Any woman who wants a good lower body should learn to squat and deadlift.
Myth number 5 - Muscle turns to fat when you stop training - I do not want that to happen to me!
Go back to our water and oil in a glass image. Is it possible to turn water into oil or vice versa? Of course, the answer is no (Unless you are Jesus - then you would probably do the water into wine thing anyway.) The same is true of muscle and fat. They are biologically different and cannot turn into each other. However, it is possible to reduce fat stores and increase muscle mass, thus turning one into the other.
Because muscle is biologically active, it needs energy (calories from food) to sustain it. However, suppose our subject stops exercising for an extended period without reducing their calorific (food) intake. In that case, their muscles will shrink (correctly termed atrophy), and their fat stores will grow (hypertrophy) again giving the impression of one turning into the other.
The easiest way to avoid this happening is to:
Myth number 6 - Weight training makes muscles short and bulky - I want long slender muscles like a dancer, so I do yoga instead.
I have heard this one so many times now that if I had a pound for every time, I would be a rich man indeed. I had a huge argument with an ex-girlfriend about this very subject - needless to say, I stuck to my guns and am now single! It always amazes me how common this misconception is.
Muscles are the shape they are because of where they are attached to your skeleton. These attachment sites are referred to as Origins and Insertions. A muscle is attached to the skeleton by tendons. The point at which the tendon meets the skeleton dictates if a muscle will appear long or short. These attachment sites will not move regardless of whether you engage in vigorous weight training or endless yoga and stretching. It is just genetics, pure and simple. Some people are blessed with long muscle bellies and short tendons, giving an appearance of long, flowing muscles. Other people have shorter muscle bellies and longer tendons, giving the appearance of short "bunchy" muscles. There are no special exercises that will magically change the length of a muscle belly. Do not waste precious time doing weird and wonderful movements alleged to lengthen your muscles. We can make our muscles bigger, firmer and improve their condition, but their length is predetermined - if you do not like the length of your muscles, blame your folks, not your weight training routine.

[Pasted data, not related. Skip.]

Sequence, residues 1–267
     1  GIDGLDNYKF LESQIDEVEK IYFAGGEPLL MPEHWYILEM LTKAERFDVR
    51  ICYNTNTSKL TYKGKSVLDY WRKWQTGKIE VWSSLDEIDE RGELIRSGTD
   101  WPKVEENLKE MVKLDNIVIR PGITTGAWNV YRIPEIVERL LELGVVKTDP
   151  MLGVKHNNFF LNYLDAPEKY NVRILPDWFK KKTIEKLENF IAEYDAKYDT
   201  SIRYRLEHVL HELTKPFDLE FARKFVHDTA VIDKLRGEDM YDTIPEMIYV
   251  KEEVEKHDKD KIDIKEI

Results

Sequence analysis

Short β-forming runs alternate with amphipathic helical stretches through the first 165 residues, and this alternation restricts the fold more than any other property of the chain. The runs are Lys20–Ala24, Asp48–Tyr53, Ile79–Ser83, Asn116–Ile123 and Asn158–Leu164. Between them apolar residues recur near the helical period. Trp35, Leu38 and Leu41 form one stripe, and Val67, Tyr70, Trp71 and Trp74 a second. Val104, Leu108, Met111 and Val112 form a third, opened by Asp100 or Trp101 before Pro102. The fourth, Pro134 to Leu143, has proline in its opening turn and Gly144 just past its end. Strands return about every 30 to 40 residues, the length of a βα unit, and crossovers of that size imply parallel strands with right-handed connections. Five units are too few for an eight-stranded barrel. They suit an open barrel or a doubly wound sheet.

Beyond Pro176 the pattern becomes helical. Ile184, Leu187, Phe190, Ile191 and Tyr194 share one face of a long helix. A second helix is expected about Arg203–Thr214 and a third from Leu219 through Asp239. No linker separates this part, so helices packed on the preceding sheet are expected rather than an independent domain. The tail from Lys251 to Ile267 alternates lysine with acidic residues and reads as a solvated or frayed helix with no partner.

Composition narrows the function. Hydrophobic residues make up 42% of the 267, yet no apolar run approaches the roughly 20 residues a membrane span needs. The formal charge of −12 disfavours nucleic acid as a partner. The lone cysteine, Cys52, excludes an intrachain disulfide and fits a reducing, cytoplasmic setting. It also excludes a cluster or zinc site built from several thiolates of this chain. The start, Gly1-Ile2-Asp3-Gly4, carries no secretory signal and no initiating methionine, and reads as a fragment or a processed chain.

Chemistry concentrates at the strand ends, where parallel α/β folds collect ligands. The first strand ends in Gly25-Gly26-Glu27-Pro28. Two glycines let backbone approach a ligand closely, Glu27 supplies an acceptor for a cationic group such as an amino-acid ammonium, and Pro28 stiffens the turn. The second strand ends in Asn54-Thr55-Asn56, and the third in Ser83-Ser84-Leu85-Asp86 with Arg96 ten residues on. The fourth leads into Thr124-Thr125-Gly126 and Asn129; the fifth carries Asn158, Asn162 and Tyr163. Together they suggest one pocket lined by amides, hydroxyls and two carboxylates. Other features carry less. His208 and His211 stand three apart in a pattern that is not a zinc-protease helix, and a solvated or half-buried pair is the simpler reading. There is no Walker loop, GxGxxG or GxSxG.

Myth number 7 - Weight training takes too long, and I have to go too often - I do not have time!
When I hear this one, it is safe to assume that this woman has trained with a man who fancies himself as a bit of a bodybuilder and has been exposed to the multi-day split system of training. With the split training system, different muscles are trained on other days e.g. Monday is legs, Tuesday is chest, Wednesday is back, Thursday is shoulders, and Friday is arms (ready for a weekend out in town wearing a T-shirt 2 sizes too small!). This type of training is fine for bodybuilders, but it requires way too much time in the gym for the majority of exercisers.
The average exerciser should seldom adopt a split training programme and instead stick to whole body weight training sessions where the body is exercised as a single synergistic unit. Whole-body training is time-efficient, easy to plan and requires only 2-3 hours of gym time a week, leaving lots of time to do other things.
Using exercises that are deemed to be "compound," i.e. there is movement at more than one joint, we can work multiple muscle groups simultaneously. By way of an example, to work the lower body effectively using isolation exercises (an exercise where movement is limited to one joint only) you would have to perform 6 exercises - leg extensions, leg curls, hip extensions, hip adductions, hip abductions and calf raises. Or, we could do squats. Weight training can be simple and straightforward.
It is possible to train the entire body using just six exercises and still have time to perform some cardio or core work and be finished in an hour or less. Organise the six exercises into a circuit, and you have an amazingly effective fat burning/cardio workout when it takes the average male trainer to do his guns workout!